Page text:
1968_05_18--032_SP - Page 1

1968_05_04--023_SP_Guru from Rishikesh

Nancy Jackson and Beach Boy Mike Love, two of the Maharishi's disciples from California, meditate for the camera. The Dalai Lama hadn't granted them permission, she said, but had offered instead to loan them three miracle-working lamas. The idea was to take the lamas on tour in the United States, raising money for future expeditions. Among other wonders, the lamas could perform levitation and materialization, and they could drag the combined weight of seven deranged elephants. "Fantastic," Larry said. The conversation lapsed, and then, still in a nervous, gossipy way, Nancy said that if I really wanted to write about something interesting, I ought to get in touch with her husband, the television news analyst. Several years ago, she said, he'd been contacted by people from outer space. and a friend of theirs had gone off forever in a flying saucer. " Wild," Larry said. We were still in the midst of this conversation when two helicopters appeared, circling once over the river and then settling onto the beach in a loud swirl of sand. Out of the first of them stepped an obviously American couple, later identified as Fred and Susie Smithline from Scarsdale, N.Y. Susie wore white boots and a basic black dress; her husband, in dark glasses, a blue blazer and tennis sneakers. got out of the plane already filming with his home-movie camera. Seeing Larry in his beads and taking him for a more authentic figure than either Nancy or myself. Susie said to him, "Hi. What time does the meditation start?" "Fantastic," Larry said again. Walking up the hill to the ashram, Susie explained that Fred, her husband, was the American lawyer for Kersi Cambata, a businessman from Bombay who owned the helicopters and had arrived in the other one. She was terribly excited about the whole thing, she said. because she and Fred had been traveling in India for a vacation. and then Kersi had asked them to come along. and she couldn't believe it really. She'd heard so much about the Maharish (she pronounced it to rhyme with hashish, omitting the final vowel), and her friends in Scarsdale had said, just before she left, kiddingly, that she ought to forget about the Taj or any of that, and just go and see the Maharish, and well, here she was. On the path she looked suspiciously around her, as if fearful of snakes or dead things. "Ten days in India and you're not supposed to be afraid of anything," she said. In the Maharishi's house we sat on yellow cushions, and Nancy introduced the Smithlines and the helicopter pilots. The Maharishi already knew Cambata, a follower who had come to advise him about possible sites for his airstrip. The movement had bought the Maharishi a twin-engine Beechcraft, but he needed a place to land it. "Nothing but the best. Maharishi," Nancy said. The talk concerned itself entirely with arrangements for the Maharishi's flight that afternoon, first to see his ashram from the air and then to survey construction sites. The aviation gas to refuel the helicopters had not yet arrived from Delhi by truck, a delay for which Cambata apologized, and so Nancy suggested that the rest of us go up the hill to lunch. The assembled meditators looked doubtfully at the Smithlines. Susie refused the food and asked only for a cup of boiled water, into which she emptied a package of powdered Sanka. Fred continued filming, walking around the table and getting shots at artistic angles. While winding his camera he occasionally attempted breezy and encouraging remarks. "You go to a cocktail party in New York," he said at one point, "and all you hear is Indian music." " It's very in to be Indian," Susie said. The others at the table. resplendent in their saris and beads, looked at her with vague uneasiness. Thinking they didn't believe her. Susie per- sisted, and enthusiastically said, "No kidding, it really is. A lot of people are doing yoga." Nobody said anything, and Nancy, conscious of the awkward silence, told an anecdote about a Tibetan friend of hers who'd sold his yak and left his native country a few years ago to marry an American girl. The girl had met him on a world tour, but when the Tibetan arrived at the Los Angeles airport, she thought he looked strange and so abandoned him. " What's a Tibetan supposed to look like, for God's sake?" Nancy said. "Nobody looks more like a Tibetan than a Tibetan . . . if you know what I mean." After lunch, when the aviation gas had arrived. the Maharishi walked solemnly down the hill in front of a straggling procession of monks, Hindu porters, kitchen boys, meditators and frightened animals. John Lennon took movies of the crowd of Indians on the beach; the Indians with box cameras took pictures of John Lennon, and Fred Smithline kept shooting great stuff of everybody. The Maharishi gazed lovingly at the helicopter, like a child looking at an enormous, complicated toy. He absently clutched a bouquet of flowers, which, when the engines started, dissolved in shreds. He hardly noticed, still smiling and never turning away from the noise and the blowing sand. A monk placed his antelope skin on the copilot's seat, and somebody else handed him a single dahlia as he adjusted his seat belt. Nodding and smiling and waving in mild benediction with his flower, he cast his blessings from higher and higher up as the helicopter lifted into the clear air. The racket of the helicopters circling overhead interrupted many meditations that afternoon, and more than the usual number of people showed up for early tea. The ensuing conversation veered off in the customary oblique directions. Simcox and two or three of the other young Americans raised mild objections to the Maharishi's involvement with modern technology. Like O'Shea, they had expected romantic asceticism. of the kind they'd read about in books, and they'd been prepared to live on roots and berries. Their dissent was never harsh, reflecting instead a wistful disillusionment. "In the beginning," Simcox said. "everybody was paranoid about expressing one little harmless doubt." Since the first week, however. they'd gone back to smoking cigarettes and wondering if they would finish the course. The meditation they still thought helpful, but they found themselves spending less time alone in their rooms. and they talked more frequently of the salads and other pleasures they remembered in California. Mike Love, the lead singer of the Beach Boys. confessed that stray sexual images sometimes intruded upon his meditations. "On a very gross level, man." he said. Among the many others who came that afternoon for tea, Geoffrey reported a meditation the night before in which he'd seen landscapes such as those painted by Hieronymus Bosch, and Anneliese said she'd been without sleep for many nights, healing people with unaccountable pain. A hearty, blond Englishwoman named Edna. who'd been an opera singer in her youth, appeared in leopard pajamas, breathing deeply and swinging her arms in a bracing, athletic way. For some days she'd complained of her meditations as "a ghastly bore," but the new light in her face suggested sudden improvements. "Two hours of perfection. darlings," she said to us. "Absolute perfection. And then you know all the rest is illusion, isn't it so. darlings?" 32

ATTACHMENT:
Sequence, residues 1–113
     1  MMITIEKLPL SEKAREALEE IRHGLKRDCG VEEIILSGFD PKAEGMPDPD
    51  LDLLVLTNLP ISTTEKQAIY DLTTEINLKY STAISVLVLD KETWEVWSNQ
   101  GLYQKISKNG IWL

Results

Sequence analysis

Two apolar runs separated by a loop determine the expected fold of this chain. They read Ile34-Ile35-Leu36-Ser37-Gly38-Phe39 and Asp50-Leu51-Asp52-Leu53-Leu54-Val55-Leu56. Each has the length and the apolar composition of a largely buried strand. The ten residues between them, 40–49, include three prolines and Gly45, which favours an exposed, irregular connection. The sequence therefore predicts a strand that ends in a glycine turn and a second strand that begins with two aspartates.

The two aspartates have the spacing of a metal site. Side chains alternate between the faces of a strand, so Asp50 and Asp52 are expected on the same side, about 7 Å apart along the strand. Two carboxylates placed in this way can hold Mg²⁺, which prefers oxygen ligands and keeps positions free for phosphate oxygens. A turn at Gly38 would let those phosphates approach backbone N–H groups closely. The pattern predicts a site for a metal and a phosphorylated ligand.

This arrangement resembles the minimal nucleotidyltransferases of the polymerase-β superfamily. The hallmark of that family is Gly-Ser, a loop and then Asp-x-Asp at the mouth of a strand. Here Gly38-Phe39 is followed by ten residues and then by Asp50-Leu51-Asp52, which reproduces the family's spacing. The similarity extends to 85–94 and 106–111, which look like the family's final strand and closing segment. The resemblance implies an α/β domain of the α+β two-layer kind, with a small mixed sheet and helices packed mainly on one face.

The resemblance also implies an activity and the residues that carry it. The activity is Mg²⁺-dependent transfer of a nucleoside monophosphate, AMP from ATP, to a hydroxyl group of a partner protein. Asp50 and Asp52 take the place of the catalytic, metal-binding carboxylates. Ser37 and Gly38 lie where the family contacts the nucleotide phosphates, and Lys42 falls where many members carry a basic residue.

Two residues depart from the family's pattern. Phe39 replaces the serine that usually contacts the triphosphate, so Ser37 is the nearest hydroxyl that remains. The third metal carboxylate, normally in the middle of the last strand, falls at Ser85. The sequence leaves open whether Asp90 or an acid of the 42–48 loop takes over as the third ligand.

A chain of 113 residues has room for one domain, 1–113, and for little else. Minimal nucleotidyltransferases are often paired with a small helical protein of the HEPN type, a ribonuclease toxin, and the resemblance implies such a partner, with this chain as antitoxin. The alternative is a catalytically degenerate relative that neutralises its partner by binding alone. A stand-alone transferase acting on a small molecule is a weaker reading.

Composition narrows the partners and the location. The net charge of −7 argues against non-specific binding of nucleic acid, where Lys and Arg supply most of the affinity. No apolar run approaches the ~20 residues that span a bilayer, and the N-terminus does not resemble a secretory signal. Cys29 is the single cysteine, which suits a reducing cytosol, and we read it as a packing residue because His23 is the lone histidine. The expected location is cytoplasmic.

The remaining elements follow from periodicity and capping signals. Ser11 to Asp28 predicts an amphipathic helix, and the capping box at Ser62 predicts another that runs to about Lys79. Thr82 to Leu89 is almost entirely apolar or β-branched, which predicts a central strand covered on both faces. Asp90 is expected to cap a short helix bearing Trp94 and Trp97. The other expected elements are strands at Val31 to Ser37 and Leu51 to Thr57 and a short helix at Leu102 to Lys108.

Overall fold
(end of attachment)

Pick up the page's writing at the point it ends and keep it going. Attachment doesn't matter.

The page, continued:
1968_05_04--023_SP_Guru from Rishikesh